And what surprised me most was that it was well paced, with the action spread throughout rather than it just being all storyline in the first half and all action in the second. This meant that despite running for 142 minutes, it didn’t drag.

The only real criticism I would have is that a lot of the humour misfired. It just wasn’t as funny as the people who wrote it probably thought it was.

The Avengers: Age of Ultron Review – Final Thoughts

The Avengers: Age of Ultron delivers what it promises, and you can’t ask for much more than that.

Therefore, if you enjoy movies from the Marvel Cinematic Universe, then you’ll enjoy this and should give it a go.


TV: Daredevil Review (‘A Slow Burning Triumph’) – Spoiler Free

April 16, 2015

I tend to start my reviews of Superhero movies with “I like Superhero movies”, but in spite of that, I’ve never been especially fond of Superhero TV shows.

The likes of Arrow, The Flash and Agents of S.H.I.E.L.D. left me so underwhelmed that I never bothered to watch anything more than one or two episodes. They seem dodgily acted, not especially well written and often weighed down by existing lore that we should apparently know but might be unaware of.

So there was always a risk that Daredevil might not grab me, especially considering the bad reputation the movie had.

Thankfully that didn’t turn out to be the case

Daredevil Review – Spoiler Free Thoughts

As it turns out, I really enjoyed Daredevil.

The problems I outline above don’t apply to it much at all.

Yes, it helps to know that in the Marvel Cinematic Universe, New York was badly damaged by the events of the first Avengers movie, and that the nature of the rebuilding works and organised crime in Hell’s Daredevil-Netflix-LogoKitchen are spawned from that, but that’s all.

Even if you hadn’t seen that film, it spells it out for you anyway.

Beyond that, Daredevil exists in its own world, and it rooted in a more realistic setting than some of Marvel’s other offerings. None of the characters possess cosmic powers or are mutations. Daredevil is just a blind guy who has built his other senses up to make his lack of sight a non-issue. Meanwhile, the Kingpin is just a powerful underworld crime figure who isn’t intent on destroying the universe and doesn’t wear any daft costumes.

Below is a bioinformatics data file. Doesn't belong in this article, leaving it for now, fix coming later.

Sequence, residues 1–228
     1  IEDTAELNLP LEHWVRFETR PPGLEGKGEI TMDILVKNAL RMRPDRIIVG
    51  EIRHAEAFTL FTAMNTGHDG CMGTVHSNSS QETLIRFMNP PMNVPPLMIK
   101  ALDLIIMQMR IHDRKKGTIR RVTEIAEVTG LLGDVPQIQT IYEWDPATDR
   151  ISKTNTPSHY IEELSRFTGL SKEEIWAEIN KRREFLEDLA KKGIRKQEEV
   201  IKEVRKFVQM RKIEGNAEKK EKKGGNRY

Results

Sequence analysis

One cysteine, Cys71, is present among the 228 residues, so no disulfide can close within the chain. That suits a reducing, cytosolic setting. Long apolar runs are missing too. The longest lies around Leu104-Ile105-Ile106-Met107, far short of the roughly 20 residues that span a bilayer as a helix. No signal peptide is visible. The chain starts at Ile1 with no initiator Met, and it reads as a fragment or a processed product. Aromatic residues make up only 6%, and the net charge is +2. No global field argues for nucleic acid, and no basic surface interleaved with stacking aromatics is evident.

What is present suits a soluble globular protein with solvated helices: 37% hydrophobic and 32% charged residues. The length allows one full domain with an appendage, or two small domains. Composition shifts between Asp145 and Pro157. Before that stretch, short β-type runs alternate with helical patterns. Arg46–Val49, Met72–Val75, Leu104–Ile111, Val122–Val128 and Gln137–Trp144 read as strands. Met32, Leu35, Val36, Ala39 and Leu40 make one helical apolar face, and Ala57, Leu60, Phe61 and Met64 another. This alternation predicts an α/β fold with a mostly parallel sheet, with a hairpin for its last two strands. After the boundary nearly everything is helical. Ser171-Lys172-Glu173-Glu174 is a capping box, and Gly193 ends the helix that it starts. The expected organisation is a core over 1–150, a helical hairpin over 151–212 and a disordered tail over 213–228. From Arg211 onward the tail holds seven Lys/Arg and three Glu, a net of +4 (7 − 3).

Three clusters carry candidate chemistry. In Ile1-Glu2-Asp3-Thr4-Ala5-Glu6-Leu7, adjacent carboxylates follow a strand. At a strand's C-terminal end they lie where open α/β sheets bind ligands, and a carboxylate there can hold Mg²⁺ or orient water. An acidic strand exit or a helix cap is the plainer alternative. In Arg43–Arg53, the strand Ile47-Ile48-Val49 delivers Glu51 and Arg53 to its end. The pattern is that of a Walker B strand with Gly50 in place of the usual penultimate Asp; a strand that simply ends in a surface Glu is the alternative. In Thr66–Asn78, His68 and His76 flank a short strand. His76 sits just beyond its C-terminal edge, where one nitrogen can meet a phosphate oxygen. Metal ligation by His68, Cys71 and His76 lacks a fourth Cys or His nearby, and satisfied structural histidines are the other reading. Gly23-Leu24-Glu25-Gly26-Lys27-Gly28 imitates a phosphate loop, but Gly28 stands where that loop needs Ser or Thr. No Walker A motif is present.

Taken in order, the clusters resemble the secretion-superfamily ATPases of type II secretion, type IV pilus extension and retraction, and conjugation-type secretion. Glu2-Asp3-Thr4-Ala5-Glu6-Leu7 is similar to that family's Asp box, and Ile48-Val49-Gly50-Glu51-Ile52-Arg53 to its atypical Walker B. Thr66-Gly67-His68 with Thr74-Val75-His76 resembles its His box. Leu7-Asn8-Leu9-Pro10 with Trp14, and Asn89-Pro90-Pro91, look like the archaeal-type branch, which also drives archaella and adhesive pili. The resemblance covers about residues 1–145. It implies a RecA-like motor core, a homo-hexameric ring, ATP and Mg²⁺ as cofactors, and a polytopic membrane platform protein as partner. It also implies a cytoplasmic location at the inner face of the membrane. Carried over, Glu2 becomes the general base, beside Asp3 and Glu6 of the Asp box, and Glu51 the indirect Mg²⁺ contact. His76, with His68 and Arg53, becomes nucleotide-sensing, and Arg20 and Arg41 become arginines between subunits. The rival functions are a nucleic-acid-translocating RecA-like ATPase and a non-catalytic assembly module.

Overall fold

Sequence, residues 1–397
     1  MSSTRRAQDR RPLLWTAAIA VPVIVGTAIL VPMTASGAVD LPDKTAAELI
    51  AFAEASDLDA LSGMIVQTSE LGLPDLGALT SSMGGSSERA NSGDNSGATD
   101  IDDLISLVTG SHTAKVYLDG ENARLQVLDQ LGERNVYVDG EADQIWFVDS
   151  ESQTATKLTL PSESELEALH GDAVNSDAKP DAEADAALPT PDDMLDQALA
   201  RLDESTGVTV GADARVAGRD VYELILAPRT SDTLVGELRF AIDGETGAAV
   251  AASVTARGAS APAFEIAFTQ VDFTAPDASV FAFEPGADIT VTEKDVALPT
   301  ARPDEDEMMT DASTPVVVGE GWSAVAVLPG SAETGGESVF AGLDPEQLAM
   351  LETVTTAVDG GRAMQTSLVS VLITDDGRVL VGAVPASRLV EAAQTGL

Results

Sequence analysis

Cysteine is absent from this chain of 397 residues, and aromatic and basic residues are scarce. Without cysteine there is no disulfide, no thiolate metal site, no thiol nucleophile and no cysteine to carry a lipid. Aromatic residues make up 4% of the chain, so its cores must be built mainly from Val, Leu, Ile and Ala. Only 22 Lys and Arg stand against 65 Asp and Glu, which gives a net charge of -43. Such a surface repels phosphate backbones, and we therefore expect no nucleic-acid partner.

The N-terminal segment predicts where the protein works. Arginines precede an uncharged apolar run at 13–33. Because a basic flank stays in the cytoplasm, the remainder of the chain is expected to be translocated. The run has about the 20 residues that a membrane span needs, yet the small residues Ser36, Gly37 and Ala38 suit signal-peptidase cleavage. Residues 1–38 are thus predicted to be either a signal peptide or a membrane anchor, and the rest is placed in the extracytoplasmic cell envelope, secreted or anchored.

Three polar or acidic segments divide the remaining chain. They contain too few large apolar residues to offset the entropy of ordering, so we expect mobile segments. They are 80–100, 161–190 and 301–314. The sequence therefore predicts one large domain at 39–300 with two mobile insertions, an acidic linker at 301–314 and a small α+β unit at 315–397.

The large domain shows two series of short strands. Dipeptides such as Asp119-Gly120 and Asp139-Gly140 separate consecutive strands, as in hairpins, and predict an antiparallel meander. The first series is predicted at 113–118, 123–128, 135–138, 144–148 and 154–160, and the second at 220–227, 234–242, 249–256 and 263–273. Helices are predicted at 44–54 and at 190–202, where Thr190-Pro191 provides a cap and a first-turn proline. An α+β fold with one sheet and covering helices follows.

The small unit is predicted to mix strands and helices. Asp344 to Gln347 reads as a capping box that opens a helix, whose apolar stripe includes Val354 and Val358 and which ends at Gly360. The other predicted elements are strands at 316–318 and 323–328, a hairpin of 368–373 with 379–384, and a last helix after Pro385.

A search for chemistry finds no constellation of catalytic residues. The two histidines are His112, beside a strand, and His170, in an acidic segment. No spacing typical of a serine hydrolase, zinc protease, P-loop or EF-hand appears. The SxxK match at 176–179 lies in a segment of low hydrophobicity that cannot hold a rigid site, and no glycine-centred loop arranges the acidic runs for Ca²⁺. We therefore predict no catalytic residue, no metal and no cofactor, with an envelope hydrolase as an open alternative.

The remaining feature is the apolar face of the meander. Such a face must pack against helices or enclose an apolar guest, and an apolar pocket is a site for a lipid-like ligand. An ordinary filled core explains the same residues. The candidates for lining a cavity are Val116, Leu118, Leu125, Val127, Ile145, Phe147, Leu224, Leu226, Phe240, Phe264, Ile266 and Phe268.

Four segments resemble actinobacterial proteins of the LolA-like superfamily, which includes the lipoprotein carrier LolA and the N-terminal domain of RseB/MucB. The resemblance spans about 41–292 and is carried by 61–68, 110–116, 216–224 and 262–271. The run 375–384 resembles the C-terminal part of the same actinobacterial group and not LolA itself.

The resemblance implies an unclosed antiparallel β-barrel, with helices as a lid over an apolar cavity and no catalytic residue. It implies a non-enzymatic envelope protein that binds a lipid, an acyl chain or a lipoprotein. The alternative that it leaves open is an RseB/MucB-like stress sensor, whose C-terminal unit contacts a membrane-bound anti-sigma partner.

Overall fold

So that’s all great.

Moreover, because it’s written like that, then the entire nature of the show becomes more adult than you usually get from Marvel.

As part of that, the fight scenes come across as grittier and more realistic. Instead of the explosive, cartoon-like ‘violence’ of the movies, the director seems to have made a conscious choice to approach Daredevil more like The Raid. For those who like that sort of thing, the fight scenes and the action sequences in general are well produced and meticulously executed.

But for me, the more – indeed the most – enjoyable aspect of Daredevil is the characterisation.

You come to expect drama like this to have characters with very clearly defined positions. One is all good, the other is deep-rooted in evil. Look at the Captain America movies as an example of what I mean. He is the good old All-American boy fighting off against the evil German with the red skull for a head. You know who is right and who is wrong.

Daredevil is different. The team behind it have made a conscious decision to make the character of Wilson Fisk – The Kingpin – someone who you could have sympathy for. His means might be questionable, but his motives appear to have some good in them, and his background is one you might feel empathy towards. On the other hand, the part Daredevil plays in proceedings is often questioned, not only by his friends but by the man himself.

By setting the story up to be less black & white than the norm, it made it a lot more interesting for me.

And I should also note that part of the credit for that must also go to the actors involved, and especially Vincent D’Onofrio as Fisk. He makes every scene he’s in a delight.

Finally, I would say that by releasing all episodes on NetFlix in one go helps the viewer enjoy the show more. Or at least it helped me.

Without question, Daredevil is a slow burner which builds a story over almost 13 hours of television. But that allows it to come to a satisfying and enjoyable conclusion. If it was on for only one episode per week, you might think it moved too slowly, with some episodes not advancing the overall story-arc much, but by having episodes available in bulk, you can watch it over the course of a week and get a greater appreciation for what each one is trying to achieve.

I wouldn’t suggest trying to watch it all in one day, but I absolutely would suggest watching it.

Because it’s well worth your time.

It’s a slow burning triumph.